STA 6166 UNIT 4 Section 2 Answers
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# Agriculture and Environment

The data below relate number of plant species (Y) in islands along the California coast to the area of the islands (, square miles), maximun elevation (, feet), and latitude (, degrees North).

```
Y       X1      X2       X3
205    134    3950     28.2
163     98    4600     29.0
420     96    2470     34.0
340     84    1560     34.0
392     75    2125     33.3
235     56    1965     32.9
120     22     910     33.2
190     14     830     34.0
42    2.8     490     27.9
40    1.0     635     33.4
62    0.9     470     30.5
4    0.2     130     37.7
40   0.02     60      37.1
39    2.5     660     28.3
70    1.1     930     34.0
```

1) Fit all possible one variable, two variable, and three variable liner regression models. List the final estimated equations with standard error terms for estimated partial slopes.

 Model intercept (stderr) X1 (stderr) X2 (stderr) X3 (stderr) X1 69.43 (31.55) 2.25 (0.53) X2 76.91 (45.87) 0.055 (0.023) X3 76.88 (402.35) 2.48 (12.32) X1:X2 103.65 (32.11) 4.42 (1.11) -0.08 (0.04) X1:X3 -355.27 (261.62) 2.48 (0.52) 12.79 (7.83) X2:X3 -479.53 (375.76) 0.07 (0.02) 16.39 (10.99) X1:X2:X3 -131.14 (291.19) 4.11 (1.20) -0.07 (0.04) 6.86 (8.45)

2) Using the information from the first task, extract the R2 values, SSR. SSE, degree of freedom and F test for each of the models to fill in the following table.

 Model SSR DF1 SSE DF2 F R2 X1 152981 1 110311 13 18.03 0.5810 X2 79175 1 184116 13 5.59 0.3007 X3 816.8 1 262475 13 0.04 0.0031 X1:X2 183701 2 79591 12 13.85 0.6977 X1:X3 173055 2 90236 12 11.51 0.6573 X2:X3 107954 2 155338 12 4.17 0.4100 X1:X2:X3 188195 3 75096 11 9.19 0.7148

3) Using this table, calculate the F-statistic to test the hypothesis (at a=0.05) that X2 adds to the explanation of Y given that X1 is already in the model (e.g compute the partial sums of squares for X2 given X1 then perform the test.)

Sums of square of X2 given X1 = 183701-152981 = 30719.8 dfr=1

Residual Sums of squares (X2:X1 model) = 79591, dfe=12

F-statistic = Mean squares X2|X1 / Mean Squares Error (X1:X2 model) = (30719.8/1)/(79591/12) = 4.63

F-critical at ndf=1, ddf=12 = 4.75

Since 4.63 < 4.75 we do not reject the null hypothesis that the partial slope for X2 is zero given X1 is already in the model (p-value is 0.0524). From this we conclude that X2 does not add significantly to the explanation of variability in Y when X1 is already in the model. Note that if X2 does not add to explanation over and above X1, then X3 will not as well. We could formally test this with the result that the F-statistic would be 2,67 which is also less than 4.75 (p-value of 0.1282).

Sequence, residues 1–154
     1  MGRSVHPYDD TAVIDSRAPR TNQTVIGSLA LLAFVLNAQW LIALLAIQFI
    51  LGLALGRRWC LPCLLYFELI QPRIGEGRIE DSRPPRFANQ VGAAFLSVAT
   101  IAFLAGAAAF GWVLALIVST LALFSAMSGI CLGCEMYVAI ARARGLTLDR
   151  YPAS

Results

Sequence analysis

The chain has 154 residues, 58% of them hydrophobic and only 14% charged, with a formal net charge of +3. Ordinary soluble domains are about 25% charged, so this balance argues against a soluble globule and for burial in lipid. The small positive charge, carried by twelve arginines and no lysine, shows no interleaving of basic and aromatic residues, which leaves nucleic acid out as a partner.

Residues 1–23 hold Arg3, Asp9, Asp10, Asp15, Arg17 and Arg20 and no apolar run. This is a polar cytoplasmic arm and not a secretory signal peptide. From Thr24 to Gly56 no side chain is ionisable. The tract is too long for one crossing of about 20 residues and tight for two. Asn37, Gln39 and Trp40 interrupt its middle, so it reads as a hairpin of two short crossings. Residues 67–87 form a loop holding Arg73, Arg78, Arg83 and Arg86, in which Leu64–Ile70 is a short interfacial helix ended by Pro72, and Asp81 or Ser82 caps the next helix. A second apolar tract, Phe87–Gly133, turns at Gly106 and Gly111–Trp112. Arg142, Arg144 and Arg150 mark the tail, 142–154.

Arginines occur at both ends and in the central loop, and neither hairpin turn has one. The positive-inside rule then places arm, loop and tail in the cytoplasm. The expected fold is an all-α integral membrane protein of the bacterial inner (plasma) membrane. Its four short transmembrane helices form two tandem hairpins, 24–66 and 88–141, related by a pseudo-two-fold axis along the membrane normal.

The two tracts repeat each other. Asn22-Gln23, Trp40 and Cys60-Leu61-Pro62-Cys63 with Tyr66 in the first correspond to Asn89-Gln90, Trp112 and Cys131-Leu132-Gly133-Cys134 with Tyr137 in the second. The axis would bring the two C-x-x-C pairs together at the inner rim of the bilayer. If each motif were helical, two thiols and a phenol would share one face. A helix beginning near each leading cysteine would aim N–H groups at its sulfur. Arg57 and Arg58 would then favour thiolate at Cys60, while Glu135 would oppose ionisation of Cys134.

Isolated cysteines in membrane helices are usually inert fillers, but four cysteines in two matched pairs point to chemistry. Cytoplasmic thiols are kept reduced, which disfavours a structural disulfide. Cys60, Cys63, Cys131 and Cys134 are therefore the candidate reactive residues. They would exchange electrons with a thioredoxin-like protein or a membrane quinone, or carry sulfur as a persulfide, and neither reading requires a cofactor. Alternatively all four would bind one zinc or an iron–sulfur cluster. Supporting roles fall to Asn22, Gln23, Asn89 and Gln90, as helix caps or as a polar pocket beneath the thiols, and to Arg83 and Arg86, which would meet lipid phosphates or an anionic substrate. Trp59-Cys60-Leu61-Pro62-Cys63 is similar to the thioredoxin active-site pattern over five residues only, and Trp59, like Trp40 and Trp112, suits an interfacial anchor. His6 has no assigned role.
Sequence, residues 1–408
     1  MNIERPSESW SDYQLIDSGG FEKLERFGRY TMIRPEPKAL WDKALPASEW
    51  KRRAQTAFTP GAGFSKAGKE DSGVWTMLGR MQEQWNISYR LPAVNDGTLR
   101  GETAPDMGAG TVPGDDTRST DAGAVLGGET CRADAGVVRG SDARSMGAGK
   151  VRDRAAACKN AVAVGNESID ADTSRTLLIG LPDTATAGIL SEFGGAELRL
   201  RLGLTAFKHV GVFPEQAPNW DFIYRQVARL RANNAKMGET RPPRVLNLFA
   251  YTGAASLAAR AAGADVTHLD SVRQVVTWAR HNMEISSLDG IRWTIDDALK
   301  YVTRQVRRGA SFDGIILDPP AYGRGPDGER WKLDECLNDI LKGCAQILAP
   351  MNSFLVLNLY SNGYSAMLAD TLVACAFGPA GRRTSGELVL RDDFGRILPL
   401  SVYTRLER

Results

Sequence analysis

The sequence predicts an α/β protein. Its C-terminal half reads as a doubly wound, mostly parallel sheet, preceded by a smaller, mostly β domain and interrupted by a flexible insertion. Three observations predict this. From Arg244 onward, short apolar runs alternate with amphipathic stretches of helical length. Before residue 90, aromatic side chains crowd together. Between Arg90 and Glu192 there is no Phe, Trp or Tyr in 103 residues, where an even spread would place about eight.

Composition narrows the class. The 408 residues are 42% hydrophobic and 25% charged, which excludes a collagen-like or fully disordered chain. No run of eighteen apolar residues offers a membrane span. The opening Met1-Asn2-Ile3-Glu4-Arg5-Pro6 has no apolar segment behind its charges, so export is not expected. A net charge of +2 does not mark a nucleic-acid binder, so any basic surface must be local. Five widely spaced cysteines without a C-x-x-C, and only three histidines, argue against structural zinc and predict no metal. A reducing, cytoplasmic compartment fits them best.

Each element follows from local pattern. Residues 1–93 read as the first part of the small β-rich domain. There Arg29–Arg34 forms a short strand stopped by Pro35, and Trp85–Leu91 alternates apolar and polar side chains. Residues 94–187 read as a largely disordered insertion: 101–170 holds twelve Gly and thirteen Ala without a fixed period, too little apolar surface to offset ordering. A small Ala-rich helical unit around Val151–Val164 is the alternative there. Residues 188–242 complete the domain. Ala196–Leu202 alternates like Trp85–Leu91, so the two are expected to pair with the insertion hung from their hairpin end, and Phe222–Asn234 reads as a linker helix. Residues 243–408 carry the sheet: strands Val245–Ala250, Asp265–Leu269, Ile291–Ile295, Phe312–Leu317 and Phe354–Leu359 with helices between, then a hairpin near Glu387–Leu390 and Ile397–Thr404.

4) Using this same table, calculate the F-statistic to test the hypothesis (at a=0.05) that X1 adds to the explanation of Y given that X2 and X3 are already in the model (e.g compute the partial sums of squares for X1 given X21 and X3 then perform the test.)

Sums of square of X1 given X2:X3 =188195-107954=80241 dfr=1

Residual Sums of squares (X2:X1 model) = 75096, dfe=12

F-statistic = Mean squares X2|X1 / Mean Squares Error (X1:X2 model) = (80241/1)/(75096/11) = 11.75

F-critical at ndf=1, ddf=11 = 4.84

Since 11.75 > 4.84 wereject the null hypothesis that the partial slope for X1 is zero given X2:X3 are already in the model (p-value is 0.0056). From this we conclude that X1 does add significantly to the explanation of variability in Y when X2 and X3 are already in the model. Note that if X2 does not add to explanation over and above X1, and X3 does not add significantly over X1, then we conclude that it is only X1 that seems important here.

5) Using the test in 3 and 4 above, which of the following models would be your final best model?

i) X1 alone, This is the best model. Thus we would conclude that the number of plant species seems to be related to island area alone.

ii) X2 + X1

iii) All three explanatory variables.

The SAS program for this analysis is:

```options ls=78 ps=49 nocenter nodate;
data patient;
input Y   X1  X2  X3;
datalines;
205    134    3950     28.2
163     98    4600     29.0
420     96    2470     34.0
340     84    1560     34.0
392     75    2125     33.3
235     56    1965     32.9
120     22     910     33.2
190     14     830     34.0
42    2.8     490     27.9
40    1.0     635     33.4
62    0.9     470     30.5
4    0.2     130     37.7
40   0.02     60      37.1
39    2.5     660     28.3
70    1.1     930     34.0
;
run;
proc reg data=patient;
model y = x1 ;
model y = x2 ;
model y = x3 ;
model y = x1 x2 ;
model y = x1 x3 ;
model y = x2 x3 ;
model y = x1 x2 x3 ;
run;
proc glm data=patient;
model y = x1 x2 x3 / solution;
run;
proc glm data=patient;
model y = x1 x2/ solution;
run;
proc glm data=patient;
model y = x1 x3/ solution;
run;```

In MINITAB you would use the Stat > Regression > Regression tab to fit the various models. Using this you could also fit the X2:X1 model and select the third option under the Results button to get sequential sums of squares. You could also fit the X2:X3 model to check its sequential sums of squares and the X2:X1:X3 model to check its sequential sums of squares.

In SPSS, after entering the data you would use the Analyze > Regression > Linear option to fit each of the selected models. To get the answers to Task 3 and 4 above, you would have to run the separate models and fill in the table in Task 2.

In Excel, after entering the data you would use the Tools > Data Analysis > Regression option to fit each of the selected models. Again, to get the answers to Task 3 and 4 above, you would have to run the separate models and fill in the table in Task 2.